TV ad spending in the US will decline by between 22.3% and 29.3% in H1 2020, about $10 billion to $12 billion less than expected. Our previous forecast, completed on March 6, 2020, called for a 2.0% increase for the full year.
TV networks will lose billions in ad revenues due to canceled or postponed sports programming, including the 2020 Summer Olympics, National Hockey League (NHL), National Basketball Association (NBA) and NCAA March Madness games.
Political advertisers will still spend big on TV but probably not in Q2. Our earlier estimates of TV ad spend growth were driven in part by expected spending on the presidential campaigns, as well as other election-related ads. But between the election season itself and the apparent insensitivity of campaigning during the pandemic, that spend is largely on hold.
TV ad spending was down last year, and we expected it to be down in 2021. This year was set to buck a longer-term downward trend thanks to the 2020 Summer Olympics and presidential election. The former is now scratched from the 2020 calendar, and TV ad losses are set to accelerate rather than pause this year.
The biggest reason is simple: no sports content. Professional leagues have canceled or suspended seasons.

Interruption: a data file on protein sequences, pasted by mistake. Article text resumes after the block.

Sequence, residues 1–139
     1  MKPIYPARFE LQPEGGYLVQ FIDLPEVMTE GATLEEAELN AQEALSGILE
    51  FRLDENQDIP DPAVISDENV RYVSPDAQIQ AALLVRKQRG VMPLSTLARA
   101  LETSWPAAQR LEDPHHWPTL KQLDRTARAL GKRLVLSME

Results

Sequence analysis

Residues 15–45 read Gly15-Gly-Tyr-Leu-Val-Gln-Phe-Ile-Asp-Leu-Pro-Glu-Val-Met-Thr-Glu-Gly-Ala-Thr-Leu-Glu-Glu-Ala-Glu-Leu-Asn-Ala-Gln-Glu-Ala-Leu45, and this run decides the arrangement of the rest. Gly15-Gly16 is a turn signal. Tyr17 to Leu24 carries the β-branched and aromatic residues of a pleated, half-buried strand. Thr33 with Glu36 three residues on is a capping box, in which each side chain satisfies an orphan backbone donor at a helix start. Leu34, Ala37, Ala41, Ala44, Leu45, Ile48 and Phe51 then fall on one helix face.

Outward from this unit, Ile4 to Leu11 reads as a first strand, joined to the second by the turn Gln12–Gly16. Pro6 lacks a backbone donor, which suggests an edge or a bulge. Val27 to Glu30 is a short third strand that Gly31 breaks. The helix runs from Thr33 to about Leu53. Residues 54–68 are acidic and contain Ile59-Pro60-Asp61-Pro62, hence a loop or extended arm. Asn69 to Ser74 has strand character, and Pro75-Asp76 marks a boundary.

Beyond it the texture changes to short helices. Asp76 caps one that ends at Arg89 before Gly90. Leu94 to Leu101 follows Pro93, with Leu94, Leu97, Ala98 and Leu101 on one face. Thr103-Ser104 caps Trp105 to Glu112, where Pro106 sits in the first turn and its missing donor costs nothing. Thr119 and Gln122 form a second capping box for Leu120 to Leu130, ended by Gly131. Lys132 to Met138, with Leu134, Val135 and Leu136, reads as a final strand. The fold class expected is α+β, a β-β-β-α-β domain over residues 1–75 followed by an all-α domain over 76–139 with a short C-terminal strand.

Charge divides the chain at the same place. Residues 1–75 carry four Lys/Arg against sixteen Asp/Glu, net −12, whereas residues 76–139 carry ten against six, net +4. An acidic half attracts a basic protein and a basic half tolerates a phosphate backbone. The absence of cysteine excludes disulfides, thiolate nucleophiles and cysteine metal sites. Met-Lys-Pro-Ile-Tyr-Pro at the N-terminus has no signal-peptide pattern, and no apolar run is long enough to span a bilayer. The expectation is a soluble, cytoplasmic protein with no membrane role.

"Aside from the lost sporting events, we expect TV advertisers to take a wait-and-see approach as the economy continues to stall," said eMarketer principal analyst Nicole Perrin. "With consumers stuck at home, many find themselves having more time on their hands and thus greater interest in watching TV. But that coincides with millions of newly unemployed or underemployed consumers who will have to keep an eye on their personal finances."
"The other major buoy of TV ad spending this year was political advertisers, and their spending will be hampered in Q2," Perrin said. "It’s normal for election-related TV advertising to be heavily weighted toward the last couple of months before the election, so we always expected political ad spending on TV to be concentrated in Q3. But given the way the Democratic primary has shaken out, with former vice president Joe Biden now the presumptive nominee, ad spending for those elections has dried up. There’s not a significant reason to spend political ad budgets now, and campaigns likely fear it will seem insensitive if they do."